Beshear tours tornado damage in far western Ky. after deadly storm leaves thousands without power
Kentuckians are still picking up the pieces days after a deadly storm system swept across the state.
The fast-moving storm system left five people dead Friday and – at its height – nearly a half million Kentucky residents without power.
Gov. Andy Beshear, along with local government and state emergency management officials, toured some of the damage on Sunday in the small western Kentucky community of Freemont – just south of Paducah, in McCracken County – which he called “the hardest hit area of the state.”
“We've walked up and down the street here at Freemont. The miracle is that everybody in this town is not only alive, but they are unhurt. And when you see the pictures of what surrounds us, that shows you that God was truly in this town,” Beshear said. “Really incredible that everybody here and most families we've gotten to talk to are ultimately safe even though they have a lot of rebuilding to come.”
Preliminary data from the National Weather Service indicates Freemont was hit by an EF-2 tornado that stayed on the ground for a mile and a half, with peak winds reaching 125 mph at a maximum width of around 175 yards. Initial estimates for damage in the community proved low, with McCracken County Emergency Management director Rob Estes confirming Sunday that 68 homes had been damaged and four had been destroyed in the storm.
Though no one in the community of Freemont was hurt, Beshear said the storm did fatally injure five people: a 23-year-old man from Edmonson County, a 63-year-old man in Logan County, an 84-year-old man in Bath County, a 68-year-old man in Simpson County and a 41-year-old woman in Fayette County.
Just over 186,000 Kentuckians were still without power and over 8,000 families were under a boil water advisory on Sunday afternoon.
“This is going to be a multi-day effort to restore power,” Beshear said. “We don't think that the reason for most of those is actual damage caused by the storm to the [power and water] systems, which is a good thing overall, but more in its impact on the ability to get power where it is needed.”
Since the storms on Friday, Beshear said, 64 of Kentucky’s 120 counties – along with 19 cities – have declared a state of emergency. He also declared a state of emergency for Kentucky on the day of the storm. Beshear also activated the price gouging statute for the state “to make sure that no one's taken advantage of in one of these times.”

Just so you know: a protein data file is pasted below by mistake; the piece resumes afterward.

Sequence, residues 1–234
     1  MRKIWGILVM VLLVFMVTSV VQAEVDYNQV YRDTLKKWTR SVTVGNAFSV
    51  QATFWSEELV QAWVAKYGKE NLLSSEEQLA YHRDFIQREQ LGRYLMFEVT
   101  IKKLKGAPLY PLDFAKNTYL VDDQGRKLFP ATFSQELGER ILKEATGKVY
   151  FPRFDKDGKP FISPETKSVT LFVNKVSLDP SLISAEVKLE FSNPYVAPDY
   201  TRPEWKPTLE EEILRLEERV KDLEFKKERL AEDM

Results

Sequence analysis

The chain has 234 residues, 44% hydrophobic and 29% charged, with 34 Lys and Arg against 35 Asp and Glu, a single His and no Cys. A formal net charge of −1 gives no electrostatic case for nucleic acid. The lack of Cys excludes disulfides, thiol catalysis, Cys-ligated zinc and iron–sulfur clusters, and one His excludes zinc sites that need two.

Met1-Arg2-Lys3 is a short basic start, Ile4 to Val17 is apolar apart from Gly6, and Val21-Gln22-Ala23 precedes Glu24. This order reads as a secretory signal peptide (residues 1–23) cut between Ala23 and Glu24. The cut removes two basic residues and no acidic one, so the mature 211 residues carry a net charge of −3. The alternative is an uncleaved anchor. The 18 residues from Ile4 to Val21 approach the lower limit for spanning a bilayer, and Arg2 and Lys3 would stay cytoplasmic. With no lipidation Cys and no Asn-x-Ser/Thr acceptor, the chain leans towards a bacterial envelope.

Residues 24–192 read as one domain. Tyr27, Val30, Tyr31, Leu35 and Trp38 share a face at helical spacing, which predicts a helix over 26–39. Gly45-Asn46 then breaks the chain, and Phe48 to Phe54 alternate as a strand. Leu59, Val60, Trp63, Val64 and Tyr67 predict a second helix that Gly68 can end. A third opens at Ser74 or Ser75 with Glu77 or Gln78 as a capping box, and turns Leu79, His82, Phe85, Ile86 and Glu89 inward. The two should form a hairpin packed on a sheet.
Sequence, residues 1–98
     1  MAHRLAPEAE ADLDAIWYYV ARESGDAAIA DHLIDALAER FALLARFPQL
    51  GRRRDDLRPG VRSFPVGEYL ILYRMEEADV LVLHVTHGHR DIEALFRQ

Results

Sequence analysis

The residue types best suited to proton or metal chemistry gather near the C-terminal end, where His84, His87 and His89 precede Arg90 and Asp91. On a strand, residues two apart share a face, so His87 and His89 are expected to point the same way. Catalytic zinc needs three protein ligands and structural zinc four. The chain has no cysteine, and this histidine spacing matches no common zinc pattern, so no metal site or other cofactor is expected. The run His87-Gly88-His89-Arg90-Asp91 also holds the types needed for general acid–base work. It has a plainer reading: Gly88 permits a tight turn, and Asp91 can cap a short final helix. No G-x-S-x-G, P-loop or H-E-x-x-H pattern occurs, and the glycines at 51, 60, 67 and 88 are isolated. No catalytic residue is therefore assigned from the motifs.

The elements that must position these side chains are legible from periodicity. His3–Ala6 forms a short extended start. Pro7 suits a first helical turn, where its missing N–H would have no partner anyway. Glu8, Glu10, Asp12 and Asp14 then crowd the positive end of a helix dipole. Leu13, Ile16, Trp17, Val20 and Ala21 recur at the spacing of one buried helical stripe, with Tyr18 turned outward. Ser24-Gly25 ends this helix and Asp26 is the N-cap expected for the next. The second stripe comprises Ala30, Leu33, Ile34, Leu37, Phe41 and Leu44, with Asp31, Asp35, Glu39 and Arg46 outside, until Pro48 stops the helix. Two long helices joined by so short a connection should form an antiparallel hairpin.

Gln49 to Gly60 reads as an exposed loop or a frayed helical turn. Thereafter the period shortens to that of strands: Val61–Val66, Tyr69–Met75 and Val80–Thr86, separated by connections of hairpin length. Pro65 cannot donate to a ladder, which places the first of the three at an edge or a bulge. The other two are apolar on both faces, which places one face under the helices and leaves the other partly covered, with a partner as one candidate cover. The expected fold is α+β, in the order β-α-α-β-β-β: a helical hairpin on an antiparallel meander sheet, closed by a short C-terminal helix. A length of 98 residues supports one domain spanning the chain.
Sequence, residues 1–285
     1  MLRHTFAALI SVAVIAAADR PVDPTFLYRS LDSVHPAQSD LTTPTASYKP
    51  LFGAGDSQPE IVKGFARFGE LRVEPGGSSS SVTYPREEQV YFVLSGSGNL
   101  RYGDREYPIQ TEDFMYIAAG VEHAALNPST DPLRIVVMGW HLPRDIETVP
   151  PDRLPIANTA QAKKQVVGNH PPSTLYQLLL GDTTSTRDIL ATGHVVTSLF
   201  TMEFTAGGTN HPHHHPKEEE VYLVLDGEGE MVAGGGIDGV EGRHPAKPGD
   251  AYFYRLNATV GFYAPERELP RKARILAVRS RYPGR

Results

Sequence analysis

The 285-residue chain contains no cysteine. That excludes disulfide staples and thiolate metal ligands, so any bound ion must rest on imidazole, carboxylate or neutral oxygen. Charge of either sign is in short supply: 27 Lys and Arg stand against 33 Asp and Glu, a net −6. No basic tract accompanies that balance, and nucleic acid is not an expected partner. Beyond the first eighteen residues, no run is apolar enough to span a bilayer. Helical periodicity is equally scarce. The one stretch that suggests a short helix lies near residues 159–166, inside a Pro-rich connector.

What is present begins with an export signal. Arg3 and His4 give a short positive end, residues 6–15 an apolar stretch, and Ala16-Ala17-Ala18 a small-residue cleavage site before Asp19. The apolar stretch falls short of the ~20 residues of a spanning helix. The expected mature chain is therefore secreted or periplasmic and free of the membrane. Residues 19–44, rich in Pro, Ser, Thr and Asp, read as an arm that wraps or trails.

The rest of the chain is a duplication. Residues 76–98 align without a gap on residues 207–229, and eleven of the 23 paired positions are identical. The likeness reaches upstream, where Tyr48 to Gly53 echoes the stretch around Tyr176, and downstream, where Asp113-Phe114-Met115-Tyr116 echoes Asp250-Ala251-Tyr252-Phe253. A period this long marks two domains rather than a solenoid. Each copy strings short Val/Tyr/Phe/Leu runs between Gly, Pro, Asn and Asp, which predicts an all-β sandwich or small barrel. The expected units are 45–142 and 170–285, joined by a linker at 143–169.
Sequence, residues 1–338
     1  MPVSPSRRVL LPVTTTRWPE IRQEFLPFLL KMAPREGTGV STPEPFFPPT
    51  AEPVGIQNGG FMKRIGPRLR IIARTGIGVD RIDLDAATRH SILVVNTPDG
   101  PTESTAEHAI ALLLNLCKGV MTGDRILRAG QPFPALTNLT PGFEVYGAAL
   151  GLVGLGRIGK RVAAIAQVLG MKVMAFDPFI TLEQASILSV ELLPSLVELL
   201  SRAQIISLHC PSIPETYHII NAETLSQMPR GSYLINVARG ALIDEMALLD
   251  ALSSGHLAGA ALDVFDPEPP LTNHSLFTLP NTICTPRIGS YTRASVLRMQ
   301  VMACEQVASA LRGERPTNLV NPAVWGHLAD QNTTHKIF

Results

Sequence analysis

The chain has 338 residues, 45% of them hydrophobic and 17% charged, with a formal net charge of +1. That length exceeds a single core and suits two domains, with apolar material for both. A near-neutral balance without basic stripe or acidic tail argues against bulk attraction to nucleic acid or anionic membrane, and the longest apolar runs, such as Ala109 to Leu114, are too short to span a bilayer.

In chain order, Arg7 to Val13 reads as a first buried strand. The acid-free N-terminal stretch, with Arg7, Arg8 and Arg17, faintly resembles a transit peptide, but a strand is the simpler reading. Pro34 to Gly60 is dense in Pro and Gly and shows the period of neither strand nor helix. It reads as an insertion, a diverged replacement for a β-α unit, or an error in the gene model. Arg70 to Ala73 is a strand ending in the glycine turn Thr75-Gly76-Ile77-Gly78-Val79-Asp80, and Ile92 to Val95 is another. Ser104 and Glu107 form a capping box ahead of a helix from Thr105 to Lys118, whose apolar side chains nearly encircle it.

Kentucky Emergency Management director Jeremy Slinker also spoke Sunday in Freemont, calling the action taken by local officials an “extraordinary response”
“The immediate search, the primary and secondary search … that happened within minutes,” Slinker said. “And, you know, thank God that there was no injuries and no fatalities found.”
Slinker said the state will be “closely monitoring” damage assessments coming out of the storm and developing a recovery strategy, along with a request for federal assistance. Beshear said he ultimately believes the storm’s damages will qualify for a federal disaster declaration, though he and Slinker were unsure if the threshold would be met for individual assistance through the Federal Emergency Management Agency.
McCracken County Judge-Executive Craig Clymer noted the helping hands being extended by several Freemont community members to their neighbors.
“We're a strong community here. We help each other,” Clymer said. “That's one of the things that's so great about this position … is being able to lead people that are so community-oriented and helping each other.”
The governor added that many survivors of the deadly Dec. 10, 2021, tornado outbreak in western Kentucky and the catastrophic flooding in eastern Kentucky were impacted by Friday’s storms. He urged all survivors to seek mental health services if they need them by calling the federal Disaster Distress Helpline at 1-800-985-5990.
“There's a lot of trauma that comes with an EF-2 tornado coming through this town, or experiences that other people went through – not knowing if they’d survive [or], certainly, for those that have lost loved ones, or have those that are hurt,” the governor said. “Sometimes this trauma is just more than our minds, or bodies are meant to take.”
Beshear added that many of the McCracken community members are planning to stay right where they are.
“From what I've seen, no one feels alone. Well, that first day after might have been tough [but] they're seeing a lot of progress,” Beshear said. “They're moving forward and everybody I've talked to plans on building back.”
Later Sunday afternoon, community members and leaders met at the Hendron-Freemont Volunteer Fire Station.
One of those planning to rebuild is Donna Hamlin, a retiree and a Freemont resident for more than two decades. Hamlin and her husband took cover just before the disaster struck.
“We left the bedrooms, got into the hall, and it hit. Two minutes later, maybe less. [My husband] saw the front porch go,” Hamlin said. “Everybody says it’s supposed to sound like a train or something but it was just the loud wind and it just slowly got faster and faster and faster and louder and louder. I felt like I was going to go up like The Wizard of Oz or something.”
Officials are planning to use the station, which is located at 8145 Old Mayfield Road in Paducah, as a rallying point for nonprofit groups, community members and volunteers looking to help the area’s impacted residents. It’s expected to open at 8 a.m. and close at 4:30 p.m. each day until the cleanup is finished.
Anyone impacted by the storm in the Freemont area seeking more information about available services can visit the station during those hours or call 270-554-4714.